“Not everything went according to plan. There are some things that we really wanted to implement that have fallen through,” he says.

“Most of all, the ability to finance the programme will become an issue moving forward if we can’t secure the ongoing funding. I’m going to state that clearly from the beginning.”

But right now, with the programme in full swing and results already starting to speak for themselves, it is crucial to have a team leading the charge who have the flexibility to work around the issues along the way, says Jon.

Liam, Shelby and Brayden.

Liam, Shelby and Brayden.

Reconnection and re-engagement

Each of the 17 students handpicked for the Senior Pathway Programme at Rotorua Lakes High School has their own unique story to tell.

Although their individuality and what works for them in a school environment is what is being focused on now, there’s a common underlying theme among them all – the feeling of not belonging at school.

With a smile from ear to ear, it’s hard to imagine that a year ago 15-year-old Liam wasn’t happy.

Being in a classroom caused him such severe anxiety, that he would often leave school halfway through the day.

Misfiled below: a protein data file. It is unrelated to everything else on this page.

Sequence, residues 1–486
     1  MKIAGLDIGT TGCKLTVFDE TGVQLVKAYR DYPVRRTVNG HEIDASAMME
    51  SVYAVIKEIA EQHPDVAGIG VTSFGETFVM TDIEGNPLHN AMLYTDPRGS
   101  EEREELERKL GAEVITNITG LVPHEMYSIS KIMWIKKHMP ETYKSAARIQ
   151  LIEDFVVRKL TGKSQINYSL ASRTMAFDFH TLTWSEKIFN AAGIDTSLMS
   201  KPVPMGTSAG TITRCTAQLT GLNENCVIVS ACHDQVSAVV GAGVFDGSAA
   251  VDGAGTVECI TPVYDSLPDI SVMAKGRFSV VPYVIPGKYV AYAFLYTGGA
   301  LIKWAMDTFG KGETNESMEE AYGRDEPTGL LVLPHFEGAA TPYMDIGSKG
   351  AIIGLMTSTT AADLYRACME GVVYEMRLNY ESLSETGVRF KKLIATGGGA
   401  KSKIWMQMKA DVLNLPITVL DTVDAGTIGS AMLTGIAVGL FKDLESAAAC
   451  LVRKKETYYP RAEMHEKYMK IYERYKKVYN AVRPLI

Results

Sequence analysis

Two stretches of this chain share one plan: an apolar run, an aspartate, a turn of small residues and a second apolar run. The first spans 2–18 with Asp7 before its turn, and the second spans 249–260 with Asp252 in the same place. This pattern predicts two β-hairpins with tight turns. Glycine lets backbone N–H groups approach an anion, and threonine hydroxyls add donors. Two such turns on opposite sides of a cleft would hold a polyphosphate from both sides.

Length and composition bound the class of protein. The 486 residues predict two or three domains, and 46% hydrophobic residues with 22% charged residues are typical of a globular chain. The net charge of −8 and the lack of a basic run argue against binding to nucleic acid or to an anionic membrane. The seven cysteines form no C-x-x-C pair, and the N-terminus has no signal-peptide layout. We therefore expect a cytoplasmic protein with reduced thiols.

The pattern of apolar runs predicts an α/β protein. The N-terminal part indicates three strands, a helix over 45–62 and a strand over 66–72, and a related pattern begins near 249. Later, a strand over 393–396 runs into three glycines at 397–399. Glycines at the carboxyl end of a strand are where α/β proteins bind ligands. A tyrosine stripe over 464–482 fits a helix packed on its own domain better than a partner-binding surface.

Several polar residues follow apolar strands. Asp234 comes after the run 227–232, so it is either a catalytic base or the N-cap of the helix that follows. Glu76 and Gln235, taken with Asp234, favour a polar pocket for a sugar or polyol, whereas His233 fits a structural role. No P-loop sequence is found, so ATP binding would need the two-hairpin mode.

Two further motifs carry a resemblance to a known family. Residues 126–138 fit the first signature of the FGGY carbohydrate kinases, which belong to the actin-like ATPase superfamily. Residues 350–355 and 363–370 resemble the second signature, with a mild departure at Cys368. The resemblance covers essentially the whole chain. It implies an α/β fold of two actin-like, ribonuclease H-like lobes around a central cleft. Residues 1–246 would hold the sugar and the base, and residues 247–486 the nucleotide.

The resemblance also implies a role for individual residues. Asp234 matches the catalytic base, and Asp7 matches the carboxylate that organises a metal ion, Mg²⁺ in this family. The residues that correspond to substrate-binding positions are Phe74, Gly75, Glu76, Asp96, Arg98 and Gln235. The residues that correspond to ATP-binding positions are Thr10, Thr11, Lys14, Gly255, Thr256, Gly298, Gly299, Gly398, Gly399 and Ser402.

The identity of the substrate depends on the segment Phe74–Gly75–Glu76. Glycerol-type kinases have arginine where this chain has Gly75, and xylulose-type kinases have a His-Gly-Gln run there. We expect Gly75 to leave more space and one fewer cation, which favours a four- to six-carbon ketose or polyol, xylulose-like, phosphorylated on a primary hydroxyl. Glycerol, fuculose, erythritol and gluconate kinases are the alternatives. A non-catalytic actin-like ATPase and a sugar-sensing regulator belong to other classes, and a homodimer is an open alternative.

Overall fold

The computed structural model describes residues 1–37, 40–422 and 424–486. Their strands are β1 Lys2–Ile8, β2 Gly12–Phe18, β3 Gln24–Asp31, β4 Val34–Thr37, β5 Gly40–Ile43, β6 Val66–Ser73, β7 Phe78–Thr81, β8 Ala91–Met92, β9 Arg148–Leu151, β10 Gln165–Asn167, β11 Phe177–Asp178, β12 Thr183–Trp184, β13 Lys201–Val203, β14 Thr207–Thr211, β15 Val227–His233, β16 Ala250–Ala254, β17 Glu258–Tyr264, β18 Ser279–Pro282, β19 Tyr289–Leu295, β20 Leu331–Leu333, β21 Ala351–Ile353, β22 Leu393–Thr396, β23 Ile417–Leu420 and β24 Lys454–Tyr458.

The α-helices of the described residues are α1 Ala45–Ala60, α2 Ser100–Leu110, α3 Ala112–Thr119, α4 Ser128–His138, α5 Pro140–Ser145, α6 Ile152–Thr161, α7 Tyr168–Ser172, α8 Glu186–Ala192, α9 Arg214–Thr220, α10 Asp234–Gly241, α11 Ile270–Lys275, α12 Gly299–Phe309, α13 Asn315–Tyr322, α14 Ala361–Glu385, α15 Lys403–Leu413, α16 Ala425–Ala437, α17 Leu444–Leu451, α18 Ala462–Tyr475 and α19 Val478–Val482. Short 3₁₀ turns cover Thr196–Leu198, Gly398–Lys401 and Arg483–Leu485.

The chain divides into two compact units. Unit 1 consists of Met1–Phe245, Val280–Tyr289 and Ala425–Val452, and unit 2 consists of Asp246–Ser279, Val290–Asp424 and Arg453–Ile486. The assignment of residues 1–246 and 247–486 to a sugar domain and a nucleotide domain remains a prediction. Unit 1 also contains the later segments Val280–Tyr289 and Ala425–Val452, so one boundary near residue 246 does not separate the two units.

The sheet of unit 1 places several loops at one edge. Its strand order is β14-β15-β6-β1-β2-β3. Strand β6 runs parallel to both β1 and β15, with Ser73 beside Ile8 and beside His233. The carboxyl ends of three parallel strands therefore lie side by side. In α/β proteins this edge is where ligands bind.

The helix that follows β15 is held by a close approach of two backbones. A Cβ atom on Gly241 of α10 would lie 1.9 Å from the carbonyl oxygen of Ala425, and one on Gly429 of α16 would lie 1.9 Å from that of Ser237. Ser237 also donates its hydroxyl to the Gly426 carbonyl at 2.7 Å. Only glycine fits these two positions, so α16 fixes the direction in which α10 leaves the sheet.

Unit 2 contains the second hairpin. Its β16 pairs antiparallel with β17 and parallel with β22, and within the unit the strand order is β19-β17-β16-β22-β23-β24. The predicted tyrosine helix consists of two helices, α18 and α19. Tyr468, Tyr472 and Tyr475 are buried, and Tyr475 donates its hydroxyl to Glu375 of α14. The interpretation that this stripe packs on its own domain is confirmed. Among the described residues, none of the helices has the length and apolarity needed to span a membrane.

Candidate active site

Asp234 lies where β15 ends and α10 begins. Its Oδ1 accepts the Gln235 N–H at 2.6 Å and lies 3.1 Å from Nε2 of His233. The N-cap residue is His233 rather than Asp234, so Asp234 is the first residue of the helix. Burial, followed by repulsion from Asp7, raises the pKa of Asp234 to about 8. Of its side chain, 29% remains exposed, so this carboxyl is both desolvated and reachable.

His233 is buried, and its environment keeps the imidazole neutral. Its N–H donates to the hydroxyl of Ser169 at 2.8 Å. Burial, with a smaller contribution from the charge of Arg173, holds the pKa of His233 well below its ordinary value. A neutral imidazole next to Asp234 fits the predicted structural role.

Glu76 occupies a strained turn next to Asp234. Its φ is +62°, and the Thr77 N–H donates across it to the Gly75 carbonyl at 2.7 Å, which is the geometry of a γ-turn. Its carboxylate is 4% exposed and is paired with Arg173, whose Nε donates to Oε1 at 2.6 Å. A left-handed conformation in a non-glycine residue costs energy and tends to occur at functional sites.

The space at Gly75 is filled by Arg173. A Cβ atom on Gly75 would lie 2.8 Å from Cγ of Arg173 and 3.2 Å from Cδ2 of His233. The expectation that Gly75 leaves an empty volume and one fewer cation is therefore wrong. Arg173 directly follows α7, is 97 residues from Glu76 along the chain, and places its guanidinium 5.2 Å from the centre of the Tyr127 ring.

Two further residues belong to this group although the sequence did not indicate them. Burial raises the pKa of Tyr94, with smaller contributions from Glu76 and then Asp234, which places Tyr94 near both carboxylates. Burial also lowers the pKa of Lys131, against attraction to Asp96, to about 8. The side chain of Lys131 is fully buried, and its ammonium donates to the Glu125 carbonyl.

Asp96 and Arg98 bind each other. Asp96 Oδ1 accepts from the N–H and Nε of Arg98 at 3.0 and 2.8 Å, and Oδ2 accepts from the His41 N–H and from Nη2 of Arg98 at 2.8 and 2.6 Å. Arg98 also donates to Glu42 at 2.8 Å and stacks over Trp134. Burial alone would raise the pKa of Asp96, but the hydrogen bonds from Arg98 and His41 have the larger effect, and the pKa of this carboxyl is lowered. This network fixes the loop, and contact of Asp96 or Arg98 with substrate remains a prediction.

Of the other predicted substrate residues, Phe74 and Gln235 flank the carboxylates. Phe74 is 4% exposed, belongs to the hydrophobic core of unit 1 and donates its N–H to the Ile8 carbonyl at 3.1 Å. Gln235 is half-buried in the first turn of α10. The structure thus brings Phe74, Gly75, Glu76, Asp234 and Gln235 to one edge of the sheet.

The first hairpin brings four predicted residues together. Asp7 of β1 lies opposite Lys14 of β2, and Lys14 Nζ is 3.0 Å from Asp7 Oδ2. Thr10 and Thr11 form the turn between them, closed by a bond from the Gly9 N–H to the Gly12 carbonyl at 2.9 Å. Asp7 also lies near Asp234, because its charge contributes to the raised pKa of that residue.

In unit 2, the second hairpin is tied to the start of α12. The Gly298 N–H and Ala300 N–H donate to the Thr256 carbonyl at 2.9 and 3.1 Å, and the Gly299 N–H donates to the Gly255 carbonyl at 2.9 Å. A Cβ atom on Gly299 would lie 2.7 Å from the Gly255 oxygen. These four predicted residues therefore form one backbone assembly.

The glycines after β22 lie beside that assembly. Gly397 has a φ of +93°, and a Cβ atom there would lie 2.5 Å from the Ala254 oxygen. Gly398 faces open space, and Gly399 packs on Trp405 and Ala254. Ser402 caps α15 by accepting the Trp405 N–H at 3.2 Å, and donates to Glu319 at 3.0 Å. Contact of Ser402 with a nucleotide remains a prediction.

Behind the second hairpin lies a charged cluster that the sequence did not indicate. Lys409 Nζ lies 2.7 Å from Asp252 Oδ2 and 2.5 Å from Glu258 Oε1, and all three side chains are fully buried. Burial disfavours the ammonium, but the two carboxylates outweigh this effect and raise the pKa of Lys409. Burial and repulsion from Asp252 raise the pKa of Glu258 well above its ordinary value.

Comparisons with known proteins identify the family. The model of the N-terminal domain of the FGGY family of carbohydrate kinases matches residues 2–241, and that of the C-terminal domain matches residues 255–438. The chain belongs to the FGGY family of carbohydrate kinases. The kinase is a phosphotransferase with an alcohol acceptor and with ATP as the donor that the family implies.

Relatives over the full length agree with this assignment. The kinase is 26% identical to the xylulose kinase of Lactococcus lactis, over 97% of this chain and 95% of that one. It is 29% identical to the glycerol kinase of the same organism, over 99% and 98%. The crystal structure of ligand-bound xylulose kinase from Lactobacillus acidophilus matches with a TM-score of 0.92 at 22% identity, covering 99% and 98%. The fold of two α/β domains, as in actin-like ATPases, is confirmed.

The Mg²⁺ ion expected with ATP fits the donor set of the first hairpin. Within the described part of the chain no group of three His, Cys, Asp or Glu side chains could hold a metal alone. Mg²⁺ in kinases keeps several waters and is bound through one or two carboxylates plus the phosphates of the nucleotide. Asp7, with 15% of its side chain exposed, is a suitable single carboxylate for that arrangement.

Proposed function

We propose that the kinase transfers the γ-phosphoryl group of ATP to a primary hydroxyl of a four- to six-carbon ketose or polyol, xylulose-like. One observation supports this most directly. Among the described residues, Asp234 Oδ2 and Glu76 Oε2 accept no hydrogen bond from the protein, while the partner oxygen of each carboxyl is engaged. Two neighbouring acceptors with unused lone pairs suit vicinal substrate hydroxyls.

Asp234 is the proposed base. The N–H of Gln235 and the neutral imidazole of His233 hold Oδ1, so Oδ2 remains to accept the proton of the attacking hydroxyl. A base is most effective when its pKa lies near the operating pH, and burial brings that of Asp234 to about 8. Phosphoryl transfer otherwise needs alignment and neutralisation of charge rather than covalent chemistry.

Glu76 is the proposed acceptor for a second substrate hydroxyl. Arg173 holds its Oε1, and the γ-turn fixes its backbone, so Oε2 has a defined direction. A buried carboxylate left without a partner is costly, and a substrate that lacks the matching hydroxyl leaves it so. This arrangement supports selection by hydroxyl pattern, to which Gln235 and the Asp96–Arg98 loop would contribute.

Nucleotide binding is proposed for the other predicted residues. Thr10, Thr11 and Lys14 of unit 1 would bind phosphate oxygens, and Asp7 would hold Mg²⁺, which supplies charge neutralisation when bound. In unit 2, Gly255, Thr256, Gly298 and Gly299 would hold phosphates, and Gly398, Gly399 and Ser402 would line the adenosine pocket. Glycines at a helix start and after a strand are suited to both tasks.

In his own words, his attendance “wasn’t very good” and his parents wondered if he was still on the roll.

“It was really stressful, I wasn’t doing any full days,” he says.

But this year is different. Liam’s smile says it all.

“I’m here every day, and all day and I’m glad to be here,” he says.

Brayden, also 15, speaks openly about how much he hated school. Last year, an average day for him looked like staying home and “gaming”. He was taken off the roll because of the amount of time he had off.

Without saying it out loud, Brayden felt invisible at school, he was drowning in a system that just didn’t work for him.

That all changed this year when he was selected to be part of the Senior Pathway Programme. This year, Brayden’s attendance is sitting at around 96 percent.

“I actually do work here. I feel like I’m achieving something.”

Their classmate Shelby says the only reason he attended school last year was because “he had to”.

“It wasn’t great, but I get a lot more help now.”

Building good relationships and having a sense of belonging and respect and pride in their environment and themselves, is at the centre of why the Senior Pathway Programme has been implemented.

AJ says even though it’s early days, the results are already becoming evident.


It’s the small things that speak volumes about how needed this programme, says AJ, like wearing the school uniform with pride and vast improvements in attendance.

There are opportunities to get a driver’s licence or look at study options at places like Toi Ohomai.

Students are encouraged to help in the community and to do what they can to contribute to looking after themselves and the environment.

“That whakawhanaungatanga has been crucial,” says Jon. “They need to feel like they are a part of something bigger than themselves.”